Leah Archibald: Is it because these systems are very expensive to implement or overly complicated?
Christopher Nguyen: That’s actually a much deeper question. Let me share with you an explanation. It sounds somewhat roundabout, but I’m a Silicon Valley guy. When my last company was acquired by Panasonic, I took on this responsibility to implement AI across the global footprint of Panasonic. It was 250,000 people. It took us months to figure out that manufacturing moves at the speed of atoms, whereas Silicon Valley moves at the speed of bits. It’s much easier to move information than it is to move things. All this is to say that there is a reason why adoption of AI is low in manufacturing. It’s not because there aren’t a lot of very smart people involved. It’s just that manufacturing has to move at a certain pace. And you’re right, it does cost more. In the oil and gas industry, one piece of equipment that is down for one hour costs $100,000 an hour. It’s not the piece of equipment itself, it’s the economic impact of the downtime.
Leah Archibald: So there’s probably a lot of fear around adopting AI systems, even if they are going to save you a lot of time and money in the future in terms of how fast they could speed up your assembly line. It sounds like getting over the hump of doing the adoption for manufacturing is a big hurdle. So how do you propose that manufacturers do get over that initial hump of adoption?
Christopher Nguyen: First of all, now that I’m a little bit smarter than I was four years ago, I wouldn’t use the word fear. I think it’s a very reasonable concern for the most part. When you put a bunch of very smart people in the room, given this problem, they would still move at that speed because of the constraints of the problem.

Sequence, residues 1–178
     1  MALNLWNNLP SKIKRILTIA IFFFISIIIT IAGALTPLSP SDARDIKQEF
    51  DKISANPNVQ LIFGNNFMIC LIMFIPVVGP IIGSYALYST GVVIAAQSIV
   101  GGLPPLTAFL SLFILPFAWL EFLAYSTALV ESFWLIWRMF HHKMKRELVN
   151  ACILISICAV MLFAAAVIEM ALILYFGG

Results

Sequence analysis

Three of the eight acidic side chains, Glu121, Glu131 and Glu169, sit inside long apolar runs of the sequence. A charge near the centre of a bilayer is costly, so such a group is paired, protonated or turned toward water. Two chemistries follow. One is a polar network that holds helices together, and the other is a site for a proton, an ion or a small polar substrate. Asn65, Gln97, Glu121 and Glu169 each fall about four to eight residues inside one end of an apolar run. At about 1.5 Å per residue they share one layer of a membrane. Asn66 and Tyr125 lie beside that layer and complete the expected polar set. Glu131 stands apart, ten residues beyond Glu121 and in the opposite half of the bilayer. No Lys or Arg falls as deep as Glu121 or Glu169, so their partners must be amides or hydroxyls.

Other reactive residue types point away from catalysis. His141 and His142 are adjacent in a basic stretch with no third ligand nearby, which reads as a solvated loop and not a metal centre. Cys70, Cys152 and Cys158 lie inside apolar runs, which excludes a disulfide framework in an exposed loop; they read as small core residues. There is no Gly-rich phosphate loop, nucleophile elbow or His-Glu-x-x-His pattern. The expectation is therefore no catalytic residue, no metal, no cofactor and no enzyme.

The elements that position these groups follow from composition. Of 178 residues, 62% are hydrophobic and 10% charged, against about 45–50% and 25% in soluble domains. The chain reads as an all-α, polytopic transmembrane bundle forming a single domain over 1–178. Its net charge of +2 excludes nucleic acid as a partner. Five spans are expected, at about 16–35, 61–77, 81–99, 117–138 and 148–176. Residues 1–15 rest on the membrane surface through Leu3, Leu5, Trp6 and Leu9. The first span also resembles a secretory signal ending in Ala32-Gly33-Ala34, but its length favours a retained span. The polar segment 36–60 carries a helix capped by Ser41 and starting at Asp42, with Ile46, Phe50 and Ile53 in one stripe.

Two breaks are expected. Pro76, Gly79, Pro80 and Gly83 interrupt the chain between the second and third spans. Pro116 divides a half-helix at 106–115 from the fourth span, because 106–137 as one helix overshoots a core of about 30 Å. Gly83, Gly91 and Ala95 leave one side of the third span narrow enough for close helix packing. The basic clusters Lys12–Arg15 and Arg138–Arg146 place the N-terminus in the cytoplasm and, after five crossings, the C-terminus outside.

Leah Archibald: I want to hear about one of these demonstration projects that you did at Panasonic.
Christopher Nguyen: The first one that we did took us the better part of a year to figure out how to do it in the physical world. Panasonic is very involved in what’s called a cold chain: how a fish gets from the ocean fresh to your dining table. Clearly, there’s refrigeration everywhere in the transport in between, and Panasonic makes a lot of that equipment.
Leah Archibald: Because if at any point the fish gets too hot, then it’s wasted, right?
Christopher Nguyen: Right. And if people get poisoned or something, then there’s a lawsuit. So increasingly the validated supply chain becomes more important. People are actually willing to pay more if they can see the providence of the produce that they’re buying. So one piece of equipment that is always present in these refrigeration systems are the compressors and the filters. And these things, when they fail, can be easily replaced, but as you imply, it’s the knock-on effect that really matters. So the state of the art is preventive maintenance, right?
Leah Archibald: Being able to predict which compressors are gonna fail.
Christopher Nguyen: Well, yes. That’s the holy grail: predictive.
Leah Archibald: It was so easy for me to say, why can’t your team do it?
Christopher Nguyen: [laughter] It turns out, digital machine learning, as it is today, cannot solve that problem. And the reason for that is very simple. Machine learning, as I said earlier, is pattern matching. In order to predict these failures, therefore, you must have a pattern of failures. Meaning, you must have a lot of examples of these things.
Leah Archibald: Which you don’t want to have.
Christopher Nguyen: Exactly. [laughter] So catch-22. With machine learning, what we can do is what’s called “anomaly detection.” That’s the party example that I gave earlier. You invite a bunch of people, 100 guests coming to your house party, somebody tried to crash, and they’re dressed differently –
Leah Archibald: You say, “There’s something about that guy. It’s just not right. I can’t put my finger on what, but it’s just not right.”